I have also discovered that components matter. I have a “legalist” view on board games – in my view, they are first and foremost an abstract structure that you impact through well-defined decisions. But I would roll dice over drawing cards anytime – I just find rolling some dice a very satisfying gesture. You blindly seal your fate all by yourself – you are not suffering it as the ordering of the deck gets irrevocably revealed. Framing does matter as well. Spending action points to activate your hero abilities is not so much different from a worker placement game from a purely structural and abstract point of view. But I have ruled out the latter from my gaming life, while I encounter the former mechanics fairly often in my games.
It is hard to think of the future of my solo board gaming practice, without thinking of the future of solo board gaming in general. We live in an age of plenty, with hundreds of solo board gaming of all sorts being released every year. I don’t believe this trend can hold on much longer. The field is diversifying at a very steady pace, and diversification will lead to exhaustion as solo board gamers will disperse into increasingly specialist “niches”. There are actually two major ways to structure an ecosystem: a nested, robust, and stable way (“connoisseur” games are played by gamers who basically play everything, “gateway” games are basically played by anyone, and if a gamer only plays one game, it will be one of these), and a niche-like structure. I believe the current momentum is leading us toward the latter. Which means, there will be an intrinsic competition within solo gaming, and this competition will slowly devour the field.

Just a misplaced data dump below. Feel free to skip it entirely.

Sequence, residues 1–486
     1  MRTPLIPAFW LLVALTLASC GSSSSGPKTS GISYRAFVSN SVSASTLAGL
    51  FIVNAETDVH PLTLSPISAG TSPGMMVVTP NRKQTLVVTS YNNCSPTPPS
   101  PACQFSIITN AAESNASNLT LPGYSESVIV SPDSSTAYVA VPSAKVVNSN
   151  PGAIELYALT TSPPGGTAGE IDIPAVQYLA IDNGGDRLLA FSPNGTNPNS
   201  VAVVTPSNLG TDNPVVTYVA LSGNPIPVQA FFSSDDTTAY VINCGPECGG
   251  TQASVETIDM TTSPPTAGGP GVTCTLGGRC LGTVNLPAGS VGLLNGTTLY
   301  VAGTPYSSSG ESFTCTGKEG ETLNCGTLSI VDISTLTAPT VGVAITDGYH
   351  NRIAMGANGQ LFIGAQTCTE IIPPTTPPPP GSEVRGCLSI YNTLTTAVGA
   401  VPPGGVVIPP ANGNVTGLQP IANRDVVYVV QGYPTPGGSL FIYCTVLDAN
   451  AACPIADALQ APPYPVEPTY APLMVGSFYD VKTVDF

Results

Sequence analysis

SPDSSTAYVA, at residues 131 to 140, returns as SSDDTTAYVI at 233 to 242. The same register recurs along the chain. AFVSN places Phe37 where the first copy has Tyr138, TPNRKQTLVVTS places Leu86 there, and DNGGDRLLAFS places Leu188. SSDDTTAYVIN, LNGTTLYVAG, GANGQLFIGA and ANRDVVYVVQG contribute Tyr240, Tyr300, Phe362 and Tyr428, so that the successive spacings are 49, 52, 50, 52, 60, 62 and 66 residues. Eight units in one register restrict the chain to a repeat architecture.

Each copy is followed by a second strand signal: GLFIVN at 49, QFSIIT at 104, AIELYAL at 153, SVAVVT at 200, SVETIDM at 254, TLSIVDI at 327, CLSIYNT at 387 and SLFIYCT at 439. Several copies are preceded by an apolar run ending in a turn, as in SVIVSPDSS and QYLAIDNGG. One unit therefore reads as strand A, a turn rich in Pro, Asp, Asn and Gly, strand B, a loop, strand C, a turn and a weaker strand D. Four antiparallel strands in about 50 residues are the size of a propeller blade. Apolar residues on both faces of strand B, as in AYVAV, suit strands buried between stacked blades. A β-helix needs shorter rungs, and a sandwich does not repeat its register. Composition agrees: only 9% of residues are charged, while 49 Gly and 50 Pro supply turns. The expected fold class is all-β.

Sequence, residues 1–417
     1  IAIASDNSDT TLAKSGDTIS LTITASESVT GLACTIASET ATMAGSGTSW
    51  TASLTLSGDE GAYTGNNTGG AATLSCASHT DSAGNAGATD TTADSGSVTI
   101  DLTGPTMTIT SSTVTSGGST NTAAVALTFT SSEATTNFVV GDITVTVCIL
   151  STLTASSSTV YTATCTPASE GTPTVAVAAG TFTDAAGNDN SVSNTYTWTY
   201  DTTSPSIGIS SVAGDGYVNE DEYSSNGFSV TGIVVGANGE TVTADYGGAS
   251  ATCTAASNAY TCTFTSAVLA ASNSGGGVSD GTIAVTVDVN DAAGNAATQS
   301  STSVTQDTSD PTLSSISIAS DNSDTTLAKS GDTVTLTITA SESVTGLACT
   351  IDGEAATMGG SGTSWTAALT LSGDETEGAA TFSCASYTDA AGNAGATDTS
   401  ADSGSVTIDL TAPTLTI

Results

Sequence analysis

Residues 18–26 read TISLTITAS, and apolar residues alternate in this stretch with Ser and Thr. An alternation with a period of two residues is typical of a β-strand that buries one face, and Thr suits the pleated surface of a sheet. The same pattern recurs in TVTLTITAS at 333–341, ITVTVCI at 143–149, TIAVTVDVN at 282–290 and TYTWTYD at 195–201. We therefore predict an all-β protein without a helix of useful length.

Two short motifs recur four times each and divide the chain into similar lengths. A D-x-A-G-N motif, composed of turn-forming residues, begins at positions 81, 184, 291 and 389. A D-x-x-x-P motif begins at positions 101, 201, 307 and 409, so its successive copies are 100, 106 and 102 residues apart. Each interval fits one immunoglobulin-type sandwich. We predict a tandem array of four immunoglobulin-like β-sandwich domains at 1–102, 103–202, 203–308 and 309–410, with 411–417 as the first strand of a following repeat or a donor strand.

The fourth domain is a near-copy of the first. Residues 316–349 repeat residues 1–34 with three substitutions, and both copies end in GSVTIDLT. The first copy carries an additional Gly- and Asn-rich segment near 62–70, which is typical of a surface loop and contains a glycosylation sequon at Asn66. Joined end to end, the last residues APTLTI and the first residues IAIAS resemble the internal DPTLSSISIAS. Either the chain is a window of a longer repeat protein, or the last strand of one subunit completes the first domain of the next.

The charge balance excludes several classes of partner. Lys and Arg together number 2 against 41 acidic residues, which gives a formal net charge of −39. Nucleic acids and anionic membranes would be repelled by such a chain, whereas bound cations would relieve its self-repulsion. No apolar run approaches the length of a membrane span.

As such, I predict that the whole thing will collapse and only the “major” players will survive. This means, primarily, boss battle card games and big Euros with a Turczi solo mode. In the future, I foresee that we will have different “designer circles” specialized into a certain style of solo mode: the Automa Factory is one of these already, and produces solo designs far beyond Stonemaier games; Turczi itself has created such a circle – his name refers more to his team of designers than to himself. I therefore believe these two trends will grow increasingly dominant and borderline monopolistic. Unfortunately, I happen to dislike both kinds of games – the boss battle card games and the AI-driven Euros. As a result, I expect fewer and fewer games to stir my interest in the forthcoming years.
Which doesn’t matter. There are lots of games I like already, and my available time is not increasing. I am trying to strike a reasonable balance between exploration and exploitation – the discovery of new games, and revisiting games I already know I enjoy a lot. This balance cannot be maintained as more games will join the regular rotation of titles I can reliably have fun with – and exploration will have to slow down. Therefore, I predict that my own trend towards a more conservative approach will match that of the shrinking of solo gaming diversity. My only wish, then, is that the game’s collection I will settle upon will retain a bit of this design and thematic diversity I happen to cherish.